Story Ideas for Media 3/18/10
For better romantic relationships, be true to yourself. Be true to yourself, and better romantic relationships will follow, research suggests.
A new study examined how dating relationships were affected by the ability of people to see themselves clearly and objectively, act in ways consistent with their beliefs, and interact honestly and truthfully with others.
In other words, the ability to follow the words of William Shakespeare: “to thine own self be true,” said Amy Brunell, lead author of the study and assistant professor of psychology at Ohio State University’s Newark campus.
Findings showed that college students who reported being more true to themselves also reported more positive dating relationships.
“If you’re true to yourself, it is easier to act in ways that build intimacy in relationships, and that’s going to make your relationship more fulfilling,” Brunell said. CONTACT: Jeff Grabmeier, (614) 292-8457. SEE: http://researchnews.osu.edu/archive/betrue.htm
President Gee casts his ballot for Jesse Owens’ statue – March 20. Ohio State University is leading the initiative to have a statue of legendary track star Jesse Owens represent the state of Ohio in the U. S. Capitol's National Statuary Hall.
University President E. Gordon Gee will cast a vote for Jesse Owens’ selection to the National Statuary Hall at 11:15 a.m. on Saturday (3/20) at the Ohio Historical Society, 1982 Velma Avenue. Owens is one of ten finalists for Statuary Hall, replacing former Governor William Allen. Owens, who grew up in Cleveland, broke several world records while competing for The Ohio State University in 1935. He made history at the 1936 Berlin Olympics by winning four gold medals in track and field, thwarting Adolf Hitler's intention of proving Aryan superiority at the Games. The voting process is being conducted by the Ohio Historical Society. Ohioans can vote from March 20 through June 12, 2010. SEE: http://www.ohiohistory.org/portal/media-p.html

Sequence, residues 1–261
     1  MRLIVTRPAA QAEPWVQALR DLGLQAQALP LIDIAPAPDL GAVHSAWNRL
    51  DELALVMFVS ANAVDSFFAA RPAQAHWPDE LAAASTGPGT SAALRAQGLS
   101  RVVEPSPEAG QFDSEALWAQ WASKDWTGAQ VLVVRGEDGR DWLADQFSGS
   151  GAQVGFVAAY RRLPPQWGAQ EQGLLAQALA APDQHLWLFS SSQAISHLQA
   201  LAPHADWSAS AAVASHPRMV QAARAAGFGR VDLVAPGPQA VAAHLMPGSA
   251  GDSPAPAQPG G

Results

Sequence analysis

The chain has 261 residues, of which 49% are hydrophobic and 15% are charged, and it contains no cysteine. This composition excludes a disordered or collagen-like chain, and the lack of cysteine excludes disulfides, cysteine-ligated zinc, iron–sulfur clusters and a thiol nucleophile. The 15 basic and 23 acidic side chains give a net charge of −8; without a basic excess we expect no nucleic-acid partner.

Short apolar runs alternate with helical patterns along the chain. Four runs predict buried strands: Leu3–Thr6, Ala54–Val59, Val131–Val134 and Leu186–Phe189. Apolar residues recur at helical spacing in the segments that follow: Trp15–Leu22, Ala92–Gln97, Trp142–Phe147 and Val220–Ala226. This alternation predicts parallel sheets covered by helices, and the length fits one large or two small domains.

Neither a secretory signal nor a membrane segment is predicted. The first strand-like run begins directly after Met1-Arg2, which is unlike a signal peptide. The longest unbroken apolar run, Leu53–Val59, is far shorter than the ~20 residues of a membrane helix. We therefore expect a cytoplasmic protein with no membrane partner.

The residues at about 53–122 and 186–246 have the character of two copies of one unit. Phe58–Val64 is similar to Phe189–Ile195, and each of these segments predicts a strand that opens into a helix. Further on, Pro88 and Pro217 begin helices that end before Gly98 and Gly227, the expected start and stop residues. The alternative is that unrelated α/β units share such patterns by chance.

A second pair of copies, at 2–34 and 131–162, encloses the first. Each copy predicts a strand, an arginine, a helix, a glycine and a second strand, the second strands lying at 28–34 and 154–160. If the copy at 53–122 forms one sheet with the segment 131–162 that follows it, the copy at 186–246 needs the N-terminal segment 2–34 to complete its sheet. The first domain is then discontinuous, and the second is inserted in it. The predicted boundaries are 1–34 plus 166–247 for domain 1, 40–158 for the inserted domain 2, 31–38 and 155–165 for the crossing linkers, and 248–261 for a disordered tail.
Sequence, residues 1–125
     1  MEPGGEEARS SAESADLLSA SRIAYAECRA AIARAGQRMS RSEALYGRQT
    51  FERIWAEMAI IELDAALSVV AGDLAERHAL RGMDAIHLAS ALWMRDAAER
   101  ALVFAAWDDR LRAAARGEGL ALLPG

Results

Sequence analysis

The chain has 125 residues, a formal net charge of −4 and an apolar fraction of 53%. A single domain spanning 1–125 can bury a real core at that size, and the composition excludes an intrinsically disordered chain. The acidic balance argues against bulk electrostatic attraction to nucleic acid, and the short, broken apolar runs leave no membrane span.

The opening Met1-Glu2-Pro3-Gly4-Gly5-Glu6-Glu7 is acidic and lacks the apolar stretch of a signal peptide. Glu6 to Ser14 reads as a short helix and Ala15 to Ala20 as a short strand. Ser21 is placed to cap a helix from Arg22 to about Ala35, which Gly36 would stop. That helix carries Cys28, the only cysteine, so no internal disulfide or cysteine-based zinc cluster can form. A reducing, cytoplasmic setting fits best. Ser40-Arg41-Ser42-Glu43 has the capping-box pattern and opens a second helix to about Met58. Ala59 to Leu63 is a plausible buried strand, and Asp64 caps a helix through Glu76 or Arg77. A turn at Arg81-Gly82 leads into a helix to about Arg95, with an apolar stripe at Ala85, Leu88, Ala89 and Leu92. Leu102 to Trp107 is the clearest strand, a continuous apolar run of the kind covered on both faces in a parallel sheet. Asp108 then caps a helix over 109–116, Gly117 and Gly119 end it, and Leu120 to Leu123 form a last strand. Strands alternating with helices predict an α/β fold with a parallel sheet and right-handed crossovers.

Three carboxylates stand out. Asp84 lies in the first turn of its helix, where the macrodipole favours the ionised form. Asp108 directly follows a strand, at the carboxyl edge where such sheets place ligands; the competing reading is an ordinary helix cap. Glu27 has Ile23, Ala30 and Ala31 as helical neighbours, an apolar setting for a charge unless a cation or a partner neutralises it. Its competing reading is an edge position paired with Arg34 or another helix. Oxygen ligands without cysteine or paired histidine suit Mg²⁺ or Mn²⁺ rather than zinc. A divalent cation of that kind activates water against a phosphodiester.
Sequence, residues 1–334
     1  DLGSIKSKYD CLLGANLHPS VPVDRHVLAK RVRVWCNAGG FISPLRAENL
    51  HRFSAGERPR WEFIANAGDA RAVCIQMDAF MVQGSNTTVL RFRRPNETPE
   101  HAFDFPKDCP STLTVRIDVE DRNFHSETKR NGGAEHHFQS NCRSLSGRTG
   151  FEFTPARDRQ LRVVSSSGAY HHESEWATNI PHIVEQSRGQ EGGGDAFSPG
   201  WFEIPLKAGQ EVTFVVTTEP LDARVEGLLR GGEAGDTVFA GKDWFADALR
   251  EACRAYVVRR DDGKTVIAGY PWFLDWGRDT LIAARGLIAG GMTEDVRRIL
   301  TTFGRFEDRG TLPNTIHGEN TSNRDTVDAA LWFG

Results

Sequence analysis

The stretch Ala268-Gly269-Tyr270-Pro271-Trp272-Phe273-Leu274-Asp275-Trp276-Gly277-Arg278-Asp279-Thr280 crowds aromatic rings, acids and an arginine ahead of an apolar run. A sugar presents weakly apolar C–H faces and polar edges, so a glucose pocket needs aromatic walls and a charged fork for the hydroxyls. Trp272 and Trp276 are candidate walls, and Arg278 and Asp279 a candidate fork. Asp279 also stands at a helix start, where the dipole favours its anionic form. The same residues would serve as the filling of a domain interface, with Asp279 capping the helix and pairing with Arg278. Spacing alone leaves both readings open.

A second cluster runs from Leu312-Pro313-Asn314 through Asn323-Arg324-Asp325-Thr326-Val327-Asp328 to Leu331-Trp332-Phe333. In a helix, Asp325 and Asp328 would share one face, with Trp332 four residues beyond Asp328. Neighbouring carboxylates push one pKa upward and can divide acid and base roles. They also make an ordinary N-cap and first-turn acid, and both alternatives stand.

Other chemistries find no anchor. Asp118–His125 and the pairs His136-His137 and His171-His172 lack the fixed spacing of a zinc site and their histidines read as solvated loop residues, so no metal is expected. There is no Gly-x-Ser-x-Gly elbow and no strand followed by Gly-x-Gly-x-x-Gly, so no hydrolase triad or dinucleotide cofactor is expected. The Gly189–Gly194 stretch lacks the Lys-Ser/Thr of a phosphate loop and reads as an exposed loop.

Architect of notable Ohio State buildings will speak at winter commencement – March 21.
Curtis J. Moody, president and CEO of the Moody•Nolan architectural firm, will be the speaker for Ohio State’s winter commencement, set for Sunday, March 21 in the Jerome Schottenstein Center. Approximately 2,000 students will receive degrees during the ceremony, which begins at 2 p.m.
Moody, who earned his B.S. in architecture in 1973 from what is now Ohio State’s Austin E. Knowlton School of Architecture, has served as principal architect for many notable campus buildings, including the new Ohio Union, the Jerome Schottenstein Center, the Recreational and Physical Activities Center, and the Jesse Owens Memorial Stadium.
Also during the ceremony, the university will confer Distinguished Service Awards on Rich Rosen, corporate vice president and executive director of Battelle’s education and philanthropy partnerships, and Carl Smallwood, a partner in the Columbus office of Vorys, Sater, Seymour and Pease, LLP. CONTACT: Amy Murray, (614) 292-8385.
Upcoming symposium examines MRSA transmission threats – March 20. Health workers know that Methicillin-Resistant Staphylococcus aureus (MRSA) can be transferred from person to person; they may not know that animals risk infection from humans, or that animals can transfer the pathogen to people. On Saturday, (3/20) experts in infectious diseases and on MRSA in animals will convene a day-long symposium open to all health professionals to explore the threats posed by this growing health problem. The two featured keynote speakers are internationally recognized Dr. Scott Weese (MRSA in animals) and Dr. Paul Morley (infectious diseases). SEE: http://vet.osu.edu/6123.htm Questions: (614) 292-8727.
The person listed as the CONTACT will have the most current information about the story. Call on our media relations staff for help with any Ohio State story: Liz Cook, (614) 292-7276 or firstname.lastname@example.org, Shelly Hoffman, (614) 247-4748 or email@example.com, Jim Lynch, (614) 247-4110 or firstname.lastname@example.org , or Amy Murray, (614) 292-8385 or email@example.com